Young children between the ages of 0 and 14 made up almost 26% of the population in Indonesia in 2020. Moreover, according to UNICEF, about 2.1 million children endure child poverty in Indonesia in 2021. Taking a closer at the country’s circumstances of child poverty provides insight into the severity of the situation.
5 Facts About Child Poverty in Indonesia
- Secondary Education Completion Lags Behind. In Indonesia, the net primary school enrollment rate stood at 93% in 2018, however, in that same year, the net secondary school enrollment rate stood at 78%. The reason for this disparity stems from the fact that Indonesia offers free education only up until grade 9, meaning, the next three years of secondary education that follow are not free. This serves as a barrier to secondary school completion as many impoverished families cannot afford the costs. Additionally, some families suffer from such severe poverty that they require their children to work to add to the household income instead of going to school. Many parents also pull their daughters out of school to shoulder the burden of household responsibilities because they do not see girls’ education as valuable in comparison to boys’ education. In addition, in impoverished communities, child marriage is prevalent. Many families resort to taking their daughters out of school and pushing them into a child marriage to ease the economic burden on the family.
- Child Labor is Rife in Indonesia. In 2020, the number of child laborers in Indonesia equated to 1.17 million, with many working in agriculture. The prevalence of child labor stems from circumstances of poverty as well as a lack of access to education. Indonesia pledged to eradicate child labor by 2022, and although it has not fully achieved this goal, it has made significant progress. Between 2009 and 2018, Indonesia reduced the number of child laborers from 4 million to 2.9 million by improving access to quality education to prevent children from dropping out of school and engaging in labor. The nation also has a commitment to informing parents about the importance of children’s education.
- Child Marriage is Prevalent. Child marriage is more common in impoverished/rural communities. According to UNICEF, Indonesian girls from families “with the lowest levels of expenditure” are nearly “five times more likely” to enter a marriage or union before the age of 18. In addition, girls from rural Indonesia “are three times more likely to marry before age 18” in comparison to urban Indonesian girls. Over a span of 10 years, child marriage rates in Indonesia reduced by 3.5%, although this rate is still far from the goal of 8.74% for 2024. UNICEF also states that one in nine Indonesian girls enter into marriage before the age of 18, which equates to 375 girls marrying each day.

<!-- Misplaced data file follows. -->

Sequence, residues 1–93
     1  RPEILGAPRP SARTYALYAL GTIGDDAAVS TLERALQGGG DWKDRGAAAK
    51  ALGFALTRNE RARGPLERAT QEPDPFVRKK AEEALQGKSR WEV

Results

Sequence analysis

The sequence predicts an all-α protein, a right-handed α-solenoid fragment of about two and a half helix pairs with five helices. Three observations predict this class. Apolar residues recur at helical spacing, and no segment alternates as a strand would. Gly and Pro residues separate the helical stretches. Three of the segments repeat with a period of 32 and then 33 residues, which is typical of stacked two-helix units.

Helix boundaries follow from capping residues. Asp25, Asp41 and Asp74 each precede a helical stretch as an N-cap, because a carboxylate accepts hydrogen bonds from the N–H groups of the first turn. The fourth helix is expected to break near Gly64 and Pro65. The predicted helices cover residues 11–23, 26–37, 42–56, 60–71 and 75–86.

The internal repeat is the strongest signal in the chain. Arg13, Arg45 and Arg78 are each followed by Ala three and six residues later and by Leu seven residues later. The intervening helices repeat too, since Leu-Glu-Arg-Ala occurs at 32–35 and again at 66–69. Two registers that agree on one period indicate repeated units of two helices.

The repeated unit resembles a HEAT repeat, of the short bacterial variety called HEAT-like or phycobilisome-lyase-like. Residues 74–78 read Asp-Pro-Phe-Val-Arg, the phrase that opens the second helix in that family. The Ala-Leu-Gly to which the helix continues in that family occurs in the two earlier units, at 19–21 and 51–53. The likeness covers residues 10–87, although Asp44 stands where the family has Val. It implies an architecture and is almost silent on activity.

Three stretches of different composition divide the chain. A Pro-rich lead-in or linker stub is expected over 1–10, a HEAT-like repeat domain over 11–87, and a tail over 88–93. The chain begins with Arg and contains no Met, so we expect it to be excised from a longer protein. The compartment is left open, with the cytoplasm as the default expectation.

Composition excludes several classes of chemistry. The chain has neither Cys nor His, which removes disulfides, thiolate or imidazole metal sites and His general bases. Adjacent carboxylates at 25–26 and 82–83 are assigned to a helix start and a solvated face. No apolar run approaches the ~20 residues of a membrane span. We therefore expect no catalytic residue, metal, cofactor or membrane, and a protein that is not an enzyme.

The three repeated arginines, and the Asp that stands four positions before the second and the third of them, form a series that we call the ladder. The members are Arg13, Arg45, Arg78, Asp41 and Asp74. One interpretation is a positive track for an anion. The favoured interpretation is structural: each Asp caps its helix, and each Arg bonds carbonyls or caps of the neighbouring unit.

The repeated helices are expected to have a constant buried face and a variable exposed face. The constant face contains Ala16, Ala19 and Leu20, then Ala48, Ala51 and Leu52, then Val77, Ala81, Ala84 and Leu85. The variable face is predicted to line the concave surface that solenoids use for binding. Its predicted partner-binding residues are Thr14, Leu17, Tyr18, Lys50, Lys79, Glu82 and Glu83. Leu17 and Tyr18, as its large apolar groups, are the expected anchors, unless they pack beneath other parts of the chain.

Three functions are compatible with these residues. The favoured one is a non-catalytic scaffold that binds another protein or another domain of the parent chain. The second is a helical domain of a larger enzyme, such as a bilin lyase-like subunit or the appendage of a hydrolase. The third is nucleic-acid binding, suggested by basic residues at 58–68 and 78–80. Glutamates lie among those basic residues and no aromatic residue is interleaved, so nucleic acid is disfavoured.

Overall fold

- Poverty Impacts Future Earnings. According to a study that the Asian Development Bank Institute published in September 2019, Indonesian children who grow up in circumstances of poverty are likely to earn less in their adulthood. The study says, “Our instrumental variables estimation shows that a child who lived in [an impoverished] family when aged between 8 and 17 years old suffers an 87% earnings penalty relative to a child who did not grow up in [an impoverished] family.”
- Save the Children Addresses Child Poverty in Indonesia. The global children’s organization has provided assistance to Indonesia’s impoverished children for more than 30 years. Save the Children has also provided emergency assistance for almost all of Indonesia’s natural disasters. When a severe earthquake and tsunami hit Sulawesi Island in Indonesia, Save the Children supplied water, shelter, hygiene supplies and healthcare to children and families. Emergency responders provided assistance to more than 70,000 affected children. Child sponsorship programs beginning in 2014 ensure children learn the knowledge and skills necessary for success and ensure the overall health and nutrition of children. All in all, Save the Children has provided more than 23,000 “[Indonesian] children with a healthy start in life” and “protected 45,079 children from harm” while supporting more than 11,000 families in meeting their children’s basic needs.
Although the situation of child poverty in Indonesia is improving, disparities remain. Geographical differences lead to inequalities between different regions, which directly affects the country’s children. The fact that the nation comprises 17,000 islands spanning about 3,200 miles makes it very difficult to assist all population groups. Regarding the nation’s economic development, since 2016, Indonesia maintained annual GDP growth of around 5% until the onset of the COVID-19 pandemic.
With ongoing efforts to reduce child poverty in Indonesia, impoverished Indonesian children can look to a brighter future.
– Ander Moreno